About five years after its last upgrade, FICO has announced the latest iteration of its scoring system: FICO 9.
The new credit scoring system, which will be commercially available to lenders this fall, makes some significant changes in the way FICO handles accounts in collection — and certain consumers will likely find it more forgiving.
The current version of the FICO score (FICO 8) doesn’t differentiate between collection accounts. That means all collection debts, no matter what type they are – and whether they’re paid or unpaid – cause equal damage to your score.
Once FICO 9 launches, however, two big things are going to change:
1. Paid-off collection accounts will no longer hurt you: Under FICO 9, if you pay off a collection account so that it shows a zero balance on your credit reports, it won’t hurt your FICO score. Currently, the original sin of letting an account go into collections will punish your score as long as that account remains on your credit reports. But FICO 9 forgives you once you make things right.
2. Medial debts won’t weigh down your score as much: Right now, FICO sees all collection accounts as equal – whether they’re from an unexpected illness that saddled you with crushing medical debt or a shopping spree. FICO 9, however, will give you somewhat of a break when it comes to the former.
Unlike paid-off collection accounts, the new FICO score won’t ignore medical debt. But it will discount it. That means medical collection accounts will drag down your FICO score less than other unpaid collection accounts will.
Why has FICO changed its tune regarding medical debt? John Ulzheimer, credit expert with Credit Sesame and president of The Ulzheimer Group, suspects the Consumer Financial Protection Bureau’s May 2014 report regarding medical debt may have something to do with it. The report found that those with medical debt (as opposed to other consumer debts) are more creditworthy than scoring models suggest. Medical debt is usually related to circumstances outside the consumer’s control and doesn’t necessarily mean someone won’t pay their other bills, the CFPB argued in its findings.
According to FICO’s press release, the new score will also be “the most consistent” across all three credit bureaus, meaning less fluctuation between your TransUnion, Equifax and Experian FICO scores.
What does it mean for consumers?
FICO 9 becomes available this fall (no date has been announced yet), but that doesn’t mean all lenders will adopt it simultaneously. They’ll convert to the new score “in their own time frame,” Ulzheimer wrote in an email, with adoption reaching critical mass only after repeated testing determines the new score accurately assesses borrower risk better than other scores. Some confusion might linger in the mortgage industry, however, as Fannie Mae and Freddie Mac use older FICO models, Ulzheimer says. If they don’t update, that could mean consumers won’t get a break on medial debts and paid-off collections when they apply for a mortgage.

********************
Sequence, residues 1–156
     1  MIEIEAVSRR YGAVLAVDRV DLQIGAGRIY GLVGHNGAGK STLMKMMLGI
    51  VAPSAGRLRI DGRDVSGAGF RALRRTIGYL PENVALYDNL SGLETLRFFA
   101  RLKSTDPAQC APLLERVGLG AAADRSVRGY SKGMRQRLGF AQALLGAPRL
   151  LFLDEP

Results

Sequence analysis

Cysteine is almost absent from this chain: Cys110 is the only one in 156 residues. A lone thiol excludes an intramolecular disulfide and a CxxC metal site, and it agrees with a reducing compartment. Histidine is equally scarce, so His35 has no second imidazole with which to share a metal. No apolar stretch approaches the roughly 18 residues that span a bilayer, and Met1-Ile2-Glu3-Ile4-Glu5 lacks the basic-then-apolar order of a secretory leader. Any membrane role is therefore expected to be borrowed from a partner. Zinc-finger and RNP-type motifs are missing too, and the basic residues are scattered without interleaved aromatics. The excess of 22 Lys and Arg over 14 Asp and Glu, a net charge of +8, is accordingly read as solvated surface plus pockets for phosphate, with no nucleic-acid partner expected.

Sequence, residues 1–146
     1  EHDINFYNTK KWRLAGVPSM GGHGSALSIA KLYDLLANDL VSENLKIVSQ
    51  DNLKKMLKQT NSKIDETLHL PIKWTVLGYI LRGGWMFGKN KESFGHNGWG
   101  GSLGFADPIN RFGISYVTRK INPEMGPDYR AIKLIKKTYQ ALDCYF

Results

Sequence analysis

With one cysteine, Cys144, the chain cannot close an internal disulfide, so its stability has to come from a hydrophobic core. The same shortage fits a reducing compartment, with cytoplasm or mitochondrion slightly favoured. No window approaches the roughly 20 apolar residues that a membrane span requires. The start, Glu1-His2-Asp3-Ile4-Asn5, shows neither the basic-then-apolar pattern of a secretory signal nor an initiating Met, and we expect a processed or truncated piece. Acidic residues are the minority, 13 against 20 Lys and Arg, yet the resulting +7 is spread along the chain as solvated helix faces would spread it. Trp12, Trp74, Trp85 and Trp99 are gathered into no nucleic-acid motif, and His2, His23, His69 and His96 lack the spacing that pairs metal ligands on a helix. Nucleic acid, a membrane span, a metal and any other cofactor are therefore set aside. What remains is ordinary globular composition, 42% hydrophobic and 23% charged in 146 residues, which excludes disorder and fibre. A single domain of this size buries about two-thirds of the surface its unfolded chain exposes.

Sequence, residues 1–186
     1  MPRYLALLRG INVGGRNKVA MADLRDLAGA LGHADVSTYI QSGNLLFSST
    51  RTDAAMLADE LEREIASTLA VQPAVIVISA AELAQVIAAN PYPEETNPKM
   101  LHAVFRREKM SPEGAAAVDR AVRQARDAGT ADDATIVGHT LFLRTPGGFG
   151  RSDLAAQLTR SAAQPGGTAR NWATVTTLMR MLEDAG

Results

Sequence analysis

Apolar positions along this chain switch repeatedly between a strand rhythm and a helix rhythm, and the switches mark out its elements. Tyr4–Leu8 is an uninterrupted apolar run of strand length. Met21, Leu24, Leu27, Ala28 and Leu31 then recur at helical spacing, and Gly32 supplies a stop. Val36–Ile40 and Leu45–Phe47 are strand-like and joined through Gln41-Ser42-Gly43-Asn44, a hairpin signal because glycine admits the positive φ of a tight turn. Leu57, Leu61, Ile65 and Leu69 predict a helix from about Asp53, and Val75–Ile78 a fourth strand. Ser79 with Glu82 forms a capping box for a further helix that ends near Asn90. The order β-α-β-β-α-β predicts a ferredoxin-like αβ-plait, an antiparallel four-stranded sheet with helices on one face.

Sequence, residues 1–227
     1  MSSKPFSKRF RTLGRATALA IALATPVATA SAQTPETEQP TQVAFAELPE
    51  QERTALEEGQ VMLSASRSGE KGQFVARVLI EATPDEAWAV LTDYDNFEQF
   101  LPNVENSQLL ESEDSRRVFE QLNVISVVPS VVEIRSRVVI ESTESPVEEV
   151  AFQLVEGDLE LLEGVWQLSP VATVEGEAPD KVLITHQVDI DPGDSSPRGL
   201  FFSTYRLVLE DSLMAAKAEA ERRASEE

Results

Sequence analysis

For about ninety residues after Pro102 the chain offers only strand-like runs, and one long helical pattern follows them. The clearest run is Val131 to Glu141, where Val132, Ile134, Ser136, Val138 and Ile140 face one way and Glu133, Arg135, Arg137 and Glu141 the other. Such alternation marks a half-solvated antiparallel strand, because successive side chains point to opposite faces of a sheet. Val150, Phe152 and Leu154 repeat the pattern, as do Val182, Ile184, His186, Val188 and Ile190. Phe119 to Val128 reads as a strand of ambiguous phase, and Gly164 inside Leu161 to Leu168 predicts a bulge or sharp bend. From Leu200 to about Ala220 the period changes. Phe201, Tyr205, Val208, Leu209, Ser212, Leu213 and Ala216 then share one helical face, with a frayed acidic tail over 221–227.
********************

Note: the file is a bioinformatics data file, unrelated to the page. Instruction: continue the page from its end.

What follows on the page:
As FICO 9 achieves dominance, however, it will give some consumers’ scores a lift. In its press release, FICO estimates that the median scores of consumers “whose only major derogatory references are unpaid medical debts” will get a 25-point lift.
Still, as Ulzheimer points out, consumers won’t be invincible against credit denials. Some lenders don’t just check your score and call it a day – they’ll peruse your credit reports as well. Collection accounts (medical and paid-off ones) will still be on your credit reports for lenders to see, and they might decide they make you too much of a risk.
Why the new model?
FICO isn’t making these changes to be nice and give consumers a break. The company’s success relies on its ability to accurately determine borrower risk better than other credit scores out there. So it frequently tweaks the criteria that go into its industry-leading three-digit number. The last major update was in 2009, with FICO 8 (which, among other things, changed the way FICO weighs high-balance card accounts). Its changes for the FICO 9 model indicate that it has found that paid collection accounts and medical bills aren’t as much of a risk indicator. So, although consumers might breathe a sigh of relief, it’s lenders that FICO is trying to win over with a more accurate score.
VantageScore, a credit scoring model developed by the Big 3 credit bureaus, made similar changes in March 2013 with its VantageScore 3.0 model, when it announced it would begin ignoring collection accounts with zero balances.